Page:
Understanding the Impact of Trauma on the Adopted Child part 1 of 3

by Bryan Post

Adopted at the age of six months, Joseph was a fussy and sometimes hard to soothe infant. When Joseph reached the age of two and began to bite the other children in daycare, they chalked it up to the dreaded two-year old stage of which everyone seems okay with. The teachers raved about how smart he was. By the time he was six the increasing duration of the school day seemed almost more than he could bear. Sometimes screaming for hours at a time, Joseph would do no work and then would spend the remainder of the day in isolation. Eventually Joseph began to stack up a list of schools attended and suspended from. By the time Joseph had hit the 5th grade his increasingly violent outburst coined with outward defiance had gained him two different stays at local residential treatment centers. Not knowing where else to turn or what else to do, and after failed attempts at therapy, and more than eight psychiatric medications had proved of little benefit other than causing Joseph to appear “zombie-like,” Pat and Robert felt their only other option was to send Joseph to a boys boarding school.

Though not always leading to a disruption or out-of-home placement, many adoptive families struggle for years to create the peaceful family they had dreamed of. Regrettably, one of the main barriers preventing such family harmony is one of the least understood when it comes to understanding the plight of the adopted child. The barrier is trauma.

Whether adopted from birth or later in life, all adopted children have experienced some degree of trauma. Trauma is any stressful event which is prolonged, overwhelming, or unpredictable. Scientific research now reveals that as early as the second trimester the human fetus is capable of auditory processing and in fact, is capable of processing rejection in utero. This early experience is generally the child’s original trauma. From that point forward many more traumas may occur in the child’s life. These include premature birth, inconsistent caretakers, abuse, neglect, chronic pain, long-term hospitalizations with separations from the mother, and parental depression. Such life events interrupt a child’s emotional development, sometimes even physical development, subsequently interrupting his ability to tolerate stress in meaningful relationships with parents and peers.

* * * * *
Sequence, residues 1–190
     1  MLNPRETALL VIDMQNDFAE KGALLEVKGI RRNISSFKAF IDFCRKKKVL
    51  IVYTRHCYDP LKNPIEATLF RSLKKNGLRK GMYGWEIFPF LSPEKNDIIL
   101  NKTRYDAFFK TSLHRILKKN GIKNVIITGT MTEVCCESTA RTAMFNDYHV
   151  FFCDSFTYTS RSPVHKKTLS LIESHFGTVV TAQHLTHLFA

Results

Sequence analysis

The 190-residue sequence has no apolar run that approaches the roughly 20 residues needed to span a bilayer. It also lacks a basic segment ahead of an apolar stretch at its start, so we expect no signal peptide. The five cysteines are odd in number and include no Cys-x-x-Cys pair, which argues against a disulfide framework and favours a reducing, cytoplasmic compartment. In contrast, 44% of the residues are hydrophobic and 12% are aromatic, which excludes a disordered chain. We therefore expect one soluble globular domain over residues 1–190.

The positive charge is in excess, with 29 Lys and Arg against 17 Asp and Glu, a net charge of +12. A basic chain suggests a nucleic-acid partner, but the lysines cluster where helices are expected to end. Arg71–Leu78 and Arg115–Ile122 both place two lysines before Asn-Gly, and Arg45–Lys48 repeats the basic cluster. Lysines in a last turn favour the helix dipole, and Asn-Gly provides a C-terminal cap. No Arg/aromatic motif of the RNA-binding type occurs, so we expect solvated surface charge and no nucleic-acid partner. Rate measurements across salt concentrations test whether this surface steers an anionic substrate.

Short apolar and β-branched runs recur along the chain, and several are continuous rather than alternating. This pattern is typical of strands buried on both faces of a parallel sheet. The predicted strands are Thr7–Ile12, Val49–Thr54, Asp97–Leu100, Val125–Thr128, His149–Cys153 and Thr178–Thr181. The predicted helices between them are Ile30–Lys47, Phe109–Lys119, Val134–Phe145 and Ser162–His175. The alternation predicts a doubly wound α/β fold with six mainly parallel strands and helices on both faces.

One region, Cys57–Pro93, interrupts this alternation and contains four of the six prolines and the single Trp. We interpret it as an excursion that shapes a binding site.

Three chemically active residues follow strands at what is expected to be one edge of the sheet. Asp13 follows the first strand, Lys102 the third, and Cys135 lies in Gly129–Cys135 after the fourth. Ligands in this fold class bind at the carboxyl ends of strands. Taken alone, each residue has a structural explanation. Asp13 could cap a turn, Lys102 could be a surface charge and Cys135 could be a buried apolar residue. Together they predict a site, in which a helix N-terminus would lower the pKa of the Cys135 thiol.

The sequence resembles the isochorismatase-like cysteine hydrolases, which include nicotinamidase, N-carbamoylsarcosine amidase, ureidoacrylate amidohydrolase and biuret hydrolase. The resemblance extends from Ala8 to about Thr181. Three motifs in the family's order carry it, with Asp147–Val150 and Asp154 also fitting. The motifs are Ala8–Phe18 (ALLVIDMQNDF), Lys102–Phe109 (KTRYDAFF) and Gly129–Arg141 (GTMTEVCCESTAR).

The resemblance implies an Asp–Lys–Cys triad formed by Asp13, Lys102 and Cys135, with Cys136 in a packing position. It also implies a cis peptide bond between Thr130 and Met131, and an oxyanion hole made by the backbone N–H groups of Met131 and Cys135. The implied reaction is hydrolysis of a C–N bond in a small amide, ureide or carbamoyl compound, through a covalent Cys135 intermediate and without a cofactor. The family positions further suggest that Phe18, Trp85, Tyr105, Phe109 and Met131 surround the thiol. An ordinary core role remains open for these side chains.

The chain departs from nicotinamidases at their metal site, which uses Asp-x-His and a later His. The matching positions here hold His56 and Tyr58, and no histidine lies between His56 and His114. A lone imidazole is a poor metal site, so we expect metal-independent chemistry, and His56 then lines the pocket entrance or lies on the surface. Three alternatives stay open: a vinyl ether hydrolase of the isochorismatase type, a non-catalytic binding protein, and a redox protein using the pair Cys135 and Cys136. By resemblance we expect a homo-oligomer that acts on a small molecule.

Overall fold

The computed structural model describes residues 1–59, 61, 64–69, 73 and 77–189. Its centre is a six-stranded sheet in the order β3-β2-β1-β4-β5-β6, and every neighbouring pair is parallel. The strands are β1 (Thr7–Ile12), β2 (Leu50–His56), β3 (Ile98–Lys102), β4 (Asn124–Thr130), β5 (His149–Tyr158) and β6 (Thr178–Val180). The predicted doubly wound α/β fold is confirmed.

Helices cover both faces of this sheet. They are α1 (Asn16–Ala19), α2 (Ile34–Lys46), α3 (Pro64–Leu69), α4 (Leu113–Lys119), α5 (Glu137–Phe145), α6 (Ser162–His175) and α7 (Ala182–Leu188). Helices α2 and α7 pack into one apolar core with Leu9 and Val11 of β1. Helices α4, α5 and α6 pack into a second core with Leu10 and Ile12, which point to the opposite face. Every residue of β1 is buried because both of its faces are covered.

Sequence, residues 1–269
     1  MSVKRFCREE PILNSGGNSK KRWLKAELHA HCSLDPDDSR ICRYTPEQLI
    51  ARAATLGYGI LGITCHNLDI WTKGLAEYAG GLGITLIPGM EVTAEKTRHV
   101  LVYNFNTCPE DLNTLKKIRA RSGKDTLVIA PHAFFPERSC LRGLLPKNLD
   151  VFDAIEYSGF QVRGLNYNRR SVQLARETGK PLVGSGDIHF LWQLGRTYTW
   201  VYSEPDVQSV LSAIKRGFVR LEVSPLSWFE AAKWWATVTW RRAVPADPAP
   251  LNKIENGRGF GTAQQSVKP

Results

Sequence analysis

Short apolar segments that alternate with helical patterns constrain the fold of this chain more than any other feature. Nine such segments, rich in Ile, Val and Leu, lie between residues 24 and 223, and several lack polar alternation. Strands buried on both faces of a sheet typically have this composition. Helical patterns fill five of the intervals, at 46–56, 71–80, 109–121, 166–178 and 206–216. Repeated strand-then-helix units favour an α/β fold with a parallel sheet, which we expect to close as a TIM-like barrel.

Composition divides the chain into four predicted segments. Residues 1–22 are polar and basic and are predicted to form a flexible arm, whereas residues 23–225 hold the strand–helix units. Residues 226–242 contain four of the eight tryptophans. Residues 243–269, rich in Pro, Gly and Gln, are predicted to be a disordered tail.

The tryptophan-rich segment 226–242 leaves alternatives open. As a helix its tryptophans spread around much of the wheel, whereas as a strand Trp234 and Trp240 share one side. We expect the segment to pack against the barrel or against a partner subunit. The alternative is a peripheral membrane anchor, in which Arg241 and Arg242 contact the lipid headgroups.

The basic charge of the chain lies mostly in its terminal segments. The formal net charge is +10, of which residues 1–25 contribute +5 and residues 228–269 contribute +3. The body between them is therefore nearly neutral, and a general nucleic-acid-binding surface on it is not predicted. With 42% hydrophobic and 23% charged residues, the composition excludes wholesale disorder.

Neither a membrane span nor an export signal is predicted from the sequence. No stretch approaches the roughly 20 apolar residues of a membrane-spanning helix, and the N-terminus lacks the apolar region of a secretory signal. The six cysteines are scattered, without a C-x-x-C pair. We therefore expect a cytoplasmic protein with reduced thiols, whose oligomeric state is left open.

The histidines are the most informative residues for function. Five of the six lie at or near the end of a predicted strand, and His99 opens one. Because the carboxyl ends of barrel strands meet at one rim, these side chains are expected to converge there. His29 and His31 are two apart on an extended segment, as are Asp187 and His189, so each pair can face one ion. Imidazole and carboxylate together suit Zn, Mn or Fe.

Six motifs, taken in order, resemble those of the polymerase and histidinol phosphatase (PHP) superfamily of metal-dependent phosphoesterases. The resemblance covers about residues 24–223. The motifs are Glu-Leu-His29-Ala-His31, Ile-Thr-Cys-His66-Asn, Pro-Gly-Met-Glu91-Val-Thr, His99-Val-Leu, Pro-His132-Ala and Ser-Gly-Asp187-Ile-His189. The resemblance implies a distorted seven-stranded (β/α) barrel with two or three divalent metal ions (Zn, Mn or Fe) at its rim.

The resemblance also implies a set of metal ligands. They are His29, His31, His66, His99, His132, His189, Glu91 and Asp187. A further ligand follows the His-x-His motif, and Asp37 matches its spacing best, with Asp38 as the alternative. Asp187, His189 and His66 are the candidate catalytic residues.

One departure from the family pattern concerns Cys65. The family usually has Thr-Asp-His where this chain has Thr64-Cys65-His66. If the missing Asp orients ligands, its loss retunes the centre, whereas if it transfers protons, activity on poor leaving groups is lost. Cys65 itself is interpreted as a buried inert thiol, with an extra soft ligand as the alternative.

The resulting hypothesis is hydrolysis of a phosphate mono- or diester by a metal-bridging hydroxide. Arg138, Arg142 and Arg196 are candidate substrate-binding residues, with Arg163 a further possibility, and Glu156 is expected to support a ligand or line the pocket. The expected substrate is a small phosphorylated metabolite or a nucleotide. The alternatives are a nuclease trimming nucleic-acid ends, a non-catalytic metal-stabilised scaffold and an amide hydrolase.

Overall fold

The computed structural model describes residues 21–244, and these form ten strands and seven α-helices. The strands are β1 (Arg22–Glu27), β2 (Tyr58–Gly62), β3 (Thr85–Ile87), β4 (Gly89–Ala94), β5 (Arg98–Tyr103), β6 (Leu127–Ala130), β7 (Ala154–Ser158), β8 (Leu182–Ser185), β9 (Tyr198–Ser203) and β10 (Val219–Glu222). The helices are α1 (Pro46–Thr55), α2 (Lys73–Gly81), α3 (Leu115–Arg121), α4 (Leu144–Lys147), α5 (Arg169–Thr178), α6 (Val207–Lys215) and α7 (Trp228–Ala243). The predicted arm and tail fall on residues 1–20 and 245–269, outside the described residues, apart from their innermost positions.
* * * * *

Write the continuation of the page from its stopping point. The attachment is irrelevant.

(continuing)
1. Wow as early as the 2nd trimester that is so amazing. So now that we have this information how do we deal with our adopted children. I have 7 and one of my kiddos sounds just like Joseph. He is in a treatment center now because of violent behavior and for sexually abusing other children and he is only turning 13. I know my other kids are struggling now but i really don’t know how to help them with the adoption trauma and all there struggles.

    • Bryan Post says:

      My short answer is read From Fear to Love: Parenting Difficult Adopted Children (you can buy the Kindle version for only $2.99!) Or buy the book http://www.postinstitute.com/books. The longer answer is to keep on reading everything here, on our Facebook page (www.facebook.com/postinstitute) and sign up for our free parenting course at the top of this blog home page. The good news is that it can be done. The not so good news is that you will need a bag lunch and a clear change of underwear – it can take a while.

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